It has been found that distilled water may be subjected to temperatures as low as 21 F. before the first ice crystal will form. The actual temperature at which ice forms may be labeled the crystallization tempera ture. Its value will be dependent on the method of testing as it is affected by the degree of fluid agitation, the rate of temperature change and flow rates. With a crystallization temperature as low as 21 F, water will make an undesirable control fluid. With water in the actuator, the evaporator may decrease to around 21 F. Before anyice forms in the actuator, the frost may accumulate to a sufficient degree to block air flow through the evaporator.

It has been found that a mixture or suspension of water and a small quantity of silver iodide provides satisfactory control fluid for the actuator. Utilizing the same test method which was used to measure a crystallization temperature of 21 F for distilled water, a crystallization temperature of about 27.5 F was recorded for the mixture of water and silver iodide. The insolubility of silver iodide insures that salt crystals will be present in the actuator on which ice crystals may grow.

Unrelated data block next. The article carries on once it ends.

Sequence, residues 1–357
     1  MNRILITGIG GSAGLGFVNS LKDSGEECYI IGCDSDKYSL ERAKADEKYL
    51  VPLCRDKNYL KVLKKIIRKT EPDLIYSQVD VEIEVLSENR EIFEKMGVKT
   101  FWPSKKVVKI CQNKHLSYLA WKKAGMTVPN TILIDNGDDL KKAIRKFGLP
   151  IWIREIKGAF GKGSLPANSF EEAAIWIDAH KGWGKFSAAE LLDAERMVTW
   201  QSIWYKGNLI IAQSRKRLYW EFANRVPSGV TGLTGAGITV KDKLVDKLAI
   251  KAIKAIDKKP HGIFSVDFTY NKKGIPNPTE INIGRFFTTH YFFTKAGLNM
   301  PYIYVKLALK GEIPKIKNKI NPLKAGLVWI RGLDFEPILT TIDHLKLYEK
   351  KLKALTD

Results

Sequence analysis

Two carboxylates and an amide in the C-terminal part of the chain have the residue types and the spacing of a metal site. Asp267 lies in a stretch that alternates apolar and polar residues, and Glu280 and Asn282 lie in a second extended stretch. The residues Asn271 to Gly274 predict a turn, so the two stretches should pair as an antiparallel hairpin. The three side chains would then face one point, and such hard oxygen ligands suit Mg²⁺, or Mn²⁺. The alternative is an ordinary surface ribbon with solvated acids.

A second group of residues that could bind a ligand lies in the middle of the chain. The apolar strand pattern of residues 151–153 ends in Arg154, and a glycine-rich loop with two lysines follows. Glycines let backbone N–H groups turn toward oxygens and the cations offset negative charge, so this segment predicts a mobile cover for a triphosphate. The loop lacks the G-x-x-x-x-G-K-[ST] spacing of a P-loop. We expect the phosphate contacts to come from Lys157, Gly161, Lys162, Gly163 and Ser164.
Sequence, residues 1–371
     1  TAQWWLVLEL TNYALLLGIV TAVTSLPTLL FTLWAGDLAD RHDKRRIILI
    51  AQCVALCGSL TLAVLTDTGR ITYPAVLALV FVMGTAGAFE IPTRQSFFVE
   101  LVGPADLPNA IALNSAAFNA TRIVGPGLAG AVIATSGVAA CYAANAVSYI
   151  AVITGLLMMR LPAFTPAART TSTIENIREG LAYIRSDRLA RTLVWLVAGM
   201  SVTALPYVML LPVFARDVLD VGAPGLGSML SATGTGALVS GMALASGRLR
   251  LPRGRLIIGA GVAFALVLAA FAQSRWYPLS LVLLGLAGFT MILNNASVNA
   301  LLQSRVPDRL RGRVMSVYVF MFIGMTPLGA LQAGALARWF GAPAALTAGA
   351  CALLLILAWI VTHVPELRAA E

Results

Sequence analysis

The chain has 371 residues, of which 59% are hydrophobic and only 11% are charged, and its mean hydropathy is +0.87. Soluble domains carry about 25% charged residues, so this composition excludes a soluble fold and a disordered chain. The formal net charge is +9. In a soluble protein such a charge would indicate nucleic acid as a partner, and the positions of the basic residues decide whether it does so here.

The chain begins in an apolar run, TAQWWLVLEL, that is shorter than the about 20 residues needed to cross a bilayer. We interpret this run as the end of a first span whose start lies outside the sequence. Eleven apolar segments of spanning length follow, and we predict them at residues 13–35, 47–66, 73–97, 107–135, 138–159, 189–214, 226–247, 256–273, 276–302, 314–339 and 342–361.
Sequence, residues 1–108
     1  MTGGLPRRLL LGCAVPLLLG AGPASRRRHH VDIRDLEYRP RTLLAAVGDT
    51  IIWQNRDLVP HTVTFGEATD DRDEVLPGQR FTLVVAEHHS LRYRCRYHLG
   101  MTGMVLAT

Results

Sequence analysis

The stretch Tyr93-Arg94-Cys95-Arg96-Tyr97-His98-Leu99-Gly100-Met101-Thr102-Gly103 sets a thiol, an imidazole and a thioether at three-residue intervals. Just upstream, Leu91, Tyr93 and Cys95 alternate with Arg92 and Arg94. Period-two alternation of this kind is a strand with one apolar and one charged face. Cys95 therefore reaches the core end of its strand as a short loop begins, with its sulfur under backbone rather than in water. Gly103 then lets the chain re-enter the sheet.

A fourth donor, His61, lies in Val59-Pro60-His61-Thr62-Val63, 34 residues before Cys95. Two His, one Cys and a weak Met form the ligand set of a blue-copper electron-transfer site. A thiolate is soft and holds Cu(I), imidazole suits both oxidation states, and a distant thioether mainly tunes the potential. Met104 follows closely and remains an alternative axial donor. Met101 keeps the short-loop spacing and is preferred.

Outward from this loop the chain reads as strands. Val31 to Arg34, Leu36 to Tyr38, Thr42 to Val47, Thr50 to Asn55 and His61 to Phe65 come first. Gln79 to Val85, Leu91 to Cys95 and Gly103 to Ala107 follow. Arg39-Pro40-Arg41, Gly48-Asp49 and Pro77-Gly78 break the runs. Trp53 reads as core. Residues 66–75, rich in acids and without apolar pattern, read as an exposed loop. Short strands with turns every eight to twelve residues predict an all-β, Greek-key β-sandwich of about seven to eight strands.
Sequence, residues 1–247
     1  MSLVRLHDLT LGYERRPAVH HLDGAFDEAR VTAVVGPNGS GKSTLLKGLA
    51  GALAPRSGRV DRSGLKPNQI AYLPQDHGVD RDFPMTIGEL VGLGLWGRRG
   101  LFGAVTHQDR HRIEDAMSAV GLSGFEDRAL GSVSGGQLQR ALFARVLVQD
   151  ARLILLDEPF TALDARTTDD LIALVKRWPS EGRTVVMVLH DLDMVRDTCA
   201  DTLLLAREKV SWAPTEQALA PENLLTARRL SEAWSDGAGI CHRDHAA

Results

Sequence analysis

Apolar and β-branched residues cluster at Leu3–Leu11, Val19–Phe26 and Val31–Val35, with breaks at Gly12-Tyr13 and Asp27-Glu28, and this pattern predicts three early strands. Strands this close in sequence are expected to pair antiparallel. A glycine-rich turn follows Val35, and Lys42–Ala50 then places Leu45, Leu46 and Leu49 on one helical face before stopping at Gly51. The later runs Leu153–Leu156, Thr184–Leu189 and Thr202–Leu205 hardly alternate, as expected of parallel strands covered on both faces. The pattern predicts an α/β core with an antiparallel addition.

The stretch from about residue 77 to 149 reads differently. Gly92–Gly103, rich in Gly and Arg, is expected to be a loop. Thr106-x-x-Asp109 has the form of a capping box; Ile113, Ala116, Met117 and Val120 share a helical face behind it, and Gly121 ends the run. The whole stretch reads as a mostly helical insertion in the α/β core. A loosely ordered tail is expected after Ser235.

The characteristic of a crystallization temperature below the freezing temperature is significant only upon first energizing or activating the air conditioning system. When the system is first activated, the temperature of refrigerant in the evaporator is rapidly lowered from ambient levels to a sub-freezing level. Subfreezing temperatures of refrigerant in the evaporator are desirable for a short time under low ambient temperature conditions and for a longer time under higher ambient temperature conditions. The sub-freezing temperatures provide a rapid cool down of the initially warm air in the passenger compartment. However, if these low temperatures persist for too long a period, the airwill cool and frost will begin to block the evaporator. Using distilled water in the actuator with a 21 F crystallization temperature, the first ice crystals may not form in time to prevent blockage of the evaporator. The 27.5 F crystallization temperature of the silver iodide-water mixture, however, is high enough to form ice crystals in the actuator after an initial cool down" of the passenger compartment. Immediately after the first ice crystal is formed, the temperature of water increases to 32 F. Thereafter, the actuator controls the throttling valve to maintain a 32 F temperature of refrigerant in the accumulator and evaporator.